Realizing that I had missed an important turn, I turned around at the highway and started to back track wondering just how far I had to go to make it back to the course. I ran back up this steep grade for another 40 minutes before I found my orange flags. UGH! I was exhausted from running back up that horrific grade and the whole time I kept thinking – no… hoping, that my course markers were just up around the corner. When I finally made it back onto the course, I looked at my watch to consider the damage, and realized that I had just wasted about 75 minutes including a grueling climb! This was a disaster. Plus, it had been a few hours since the last aid station and I was out of water and out of food.

    Of course, the part of the race course that I started back on was the steepest, longest UP HILL section, and my legs were already fried from my little detour. I started to get very discouraged and started to walk quite a bit. I was also getting cold because I was becoming dehydrated and running low carbs. dumb, dumb, dumb. I could be finished by now I kept thinking. There goes my sub-10 hour finish. (I discovered later that a 10 hour finish would have earned me 4th place in my division).

    About an hour later I met a Search and Rescue guy and asked him how much farther to the next aid station. He told me it was still 3 miles away
    and kindly offered me an apple and some water which I devoured. I finally made it to the aid station and chowed down on a plate of potato chips (I was craving SALT), Skittles, Smarties, brownies and drank a gallon of Mountain Dew.

    I eventually made it to the finish line just short of 12 hours where Helen was waiting for me. Dennis finished in 11 hours and assumed that I had already finished and headed back to the hotel room, so he didn’t stick around. I talked to him after and he told me that just after we separated, his knee locked up on him and he spent 20 minutes sitting at an aid station trying to massage the cramp out. He got it worked out, but he said that last 10 miles was pretty brutal.

    In the end, I was totally happy with my day and my primary goal was just to finish in under 13 hours which is the cut-off time. I was expecting it to be difficult, and the last few hours certainly were (mostly due to my stupidity), but for the most part, I THOROUGHLY enjoyed myself and found the general organization of the race, along with the volunteers at the aid stations absolutely AWESOME. One of the best races I have done and I look forward to running it again next year.

    In fact, I loved it so much, I’m thinking of signing up for a 90 MILE ultra called “sinister 7” in July. Why do I get myself into these predicaments? Yikes – 90 miles!!! That’s probably going to be 24 hours of straight running. What am I thinking?

    Helen had a great half marathon. She finished 5th out of 20 in her division with a time of 2:24 (which goes to show you how tough these trail races are!)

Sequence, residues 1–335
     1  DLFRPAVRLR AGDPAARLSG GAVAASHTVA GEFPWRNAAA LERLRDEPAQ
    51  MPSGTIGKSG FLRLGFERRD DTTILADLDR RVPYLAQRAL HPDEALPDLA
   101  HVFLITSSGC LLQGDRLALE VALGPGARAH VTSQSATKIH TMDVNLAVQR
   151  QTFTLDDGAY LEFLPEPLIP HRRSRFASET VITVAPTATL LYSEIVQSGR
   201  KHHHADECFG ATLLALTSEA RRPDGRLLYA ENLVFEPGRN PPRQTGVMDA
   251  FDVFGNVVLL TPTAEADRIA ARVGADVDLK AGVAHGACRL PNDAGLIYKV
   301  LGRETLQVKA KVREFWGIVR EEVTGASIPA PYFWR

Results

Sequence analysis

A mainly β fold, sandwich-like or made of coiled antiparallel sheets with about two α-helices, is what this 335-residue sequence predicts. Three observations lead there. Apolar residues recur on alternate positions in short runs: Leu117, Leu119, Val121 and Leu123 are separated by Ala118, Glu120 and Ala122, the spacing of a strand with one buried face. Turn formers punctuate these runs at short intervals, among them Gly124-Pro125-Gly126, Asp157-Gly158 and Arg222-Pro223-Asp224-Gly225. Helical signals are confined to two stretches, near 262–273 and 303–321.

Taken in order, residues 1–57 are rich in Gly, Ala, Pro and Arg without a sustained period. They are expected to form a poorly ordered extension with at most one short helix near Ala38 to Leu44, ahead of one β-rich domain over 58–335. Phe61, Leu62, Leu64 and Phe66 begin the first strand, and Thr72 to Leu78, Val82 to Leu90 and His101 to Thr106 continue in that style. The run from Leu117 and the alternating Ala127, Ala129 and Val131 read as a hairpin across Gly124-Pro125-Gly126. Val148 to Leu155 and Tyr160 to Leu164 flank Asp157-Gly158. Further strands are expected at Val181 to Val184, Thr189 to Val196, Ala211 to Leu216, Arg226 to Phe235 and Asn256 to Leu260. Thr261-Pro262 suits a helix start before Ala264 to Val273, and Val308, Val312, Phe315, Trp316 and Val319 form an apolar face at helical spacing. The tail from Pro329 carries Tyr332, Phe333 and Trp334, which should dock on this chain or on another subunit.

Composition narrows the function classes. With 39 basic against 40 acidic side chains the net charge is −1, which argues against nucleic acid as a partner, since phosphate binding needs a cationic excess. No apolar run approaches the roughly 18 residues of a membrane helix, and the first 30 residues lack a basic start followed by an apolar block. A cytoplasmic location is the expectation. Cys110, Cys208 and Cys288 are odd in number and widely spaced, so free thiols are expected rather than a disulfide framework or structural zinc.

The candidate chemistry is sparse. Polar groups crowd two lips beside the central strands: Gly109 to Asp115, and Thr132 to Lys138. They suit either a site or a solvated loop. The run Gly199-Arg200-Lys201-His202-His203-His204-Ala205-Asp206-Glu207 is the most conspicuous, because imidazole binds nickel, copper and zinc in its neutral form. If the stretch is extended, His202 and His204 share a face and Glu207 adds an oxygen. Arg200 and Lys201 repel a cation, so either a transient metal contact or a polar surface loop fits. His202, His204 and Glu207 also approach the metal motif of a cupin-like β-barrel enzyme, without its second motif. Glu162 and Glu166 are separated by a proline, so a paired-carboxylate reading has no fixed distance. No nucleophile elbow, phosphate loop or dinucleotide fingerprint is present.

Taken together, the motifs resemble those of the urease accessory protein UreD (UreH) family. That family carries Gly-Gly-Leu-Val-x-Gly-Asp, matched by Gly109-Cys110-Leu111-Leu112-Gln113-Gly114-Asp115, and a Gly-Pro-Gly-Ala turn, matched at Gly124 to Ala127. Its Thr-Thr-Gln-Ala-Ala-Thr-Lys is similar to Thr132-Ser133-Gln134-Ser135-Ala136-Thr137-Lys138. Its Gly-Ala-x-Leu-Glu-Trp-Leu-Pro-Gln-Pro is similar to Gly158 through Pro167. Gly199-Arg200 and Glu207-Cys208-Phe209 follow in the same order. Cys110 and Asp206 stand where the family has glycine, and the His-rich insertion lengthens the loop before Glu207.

Helen and I relaxed for a couple of days in Seattle after the race. We rented a kayak and paddled in West Seattle.
  • 4 Comments to “My first ultramarathon – race report”

    • Amber Dawn on June 12, 2009

      Awesome race, even though you went off track, it just shows how much further you can run! I love the idea of a 24hr run, I am looking forward to becoming an ultra freak in the next couple of years.

      I've heard good things about Sinister 7, except that the most scenic part is done in the dark.

      PS Tell Helen she kicks a$$! And she is a hottie!!

    • Ron on June 12, 2009

      I really love reading the updates to your adventures but this last report is really the limit. Not only are you an obvious super human able to leap, run, boat, bike…design, build develop… I mean I can go on and on from all of your records and adventures but now your telling me that your actually human. You can make a mistake (missing your orange flag turn) and then tell us about the mistake to boot… I can only picture what was in your mind and the frustration you must have felt as you looked around trying to find the &%$@$% flag and then decided to back track up the grade… All of this and you still finished !!!!!!!

      Darn Greg… you really are an example that we can aspire to… I can't wait for the next adventure report…

      Best as always

    • Anonymous on June 12, 2009

      Hey Greg… SUPER job on finishing – despite the unplanned detour! There's a VERY good reason you likely missed that marker and went off course… you were so consumed in the moment – music blaring… fresh mountain air… the sights and smells… realizing another dream… all those things that allow us to extract the most out of the short time we have in this world – THAT's the essence of what it's all about!

      PS… AWESOME job Helen!!!

      Cheers Cyrille

    • Bryon Howard on June 17, 2009

      I would have … cried … realizing I'd have to back track.

      Great report.

      Helen Rocked.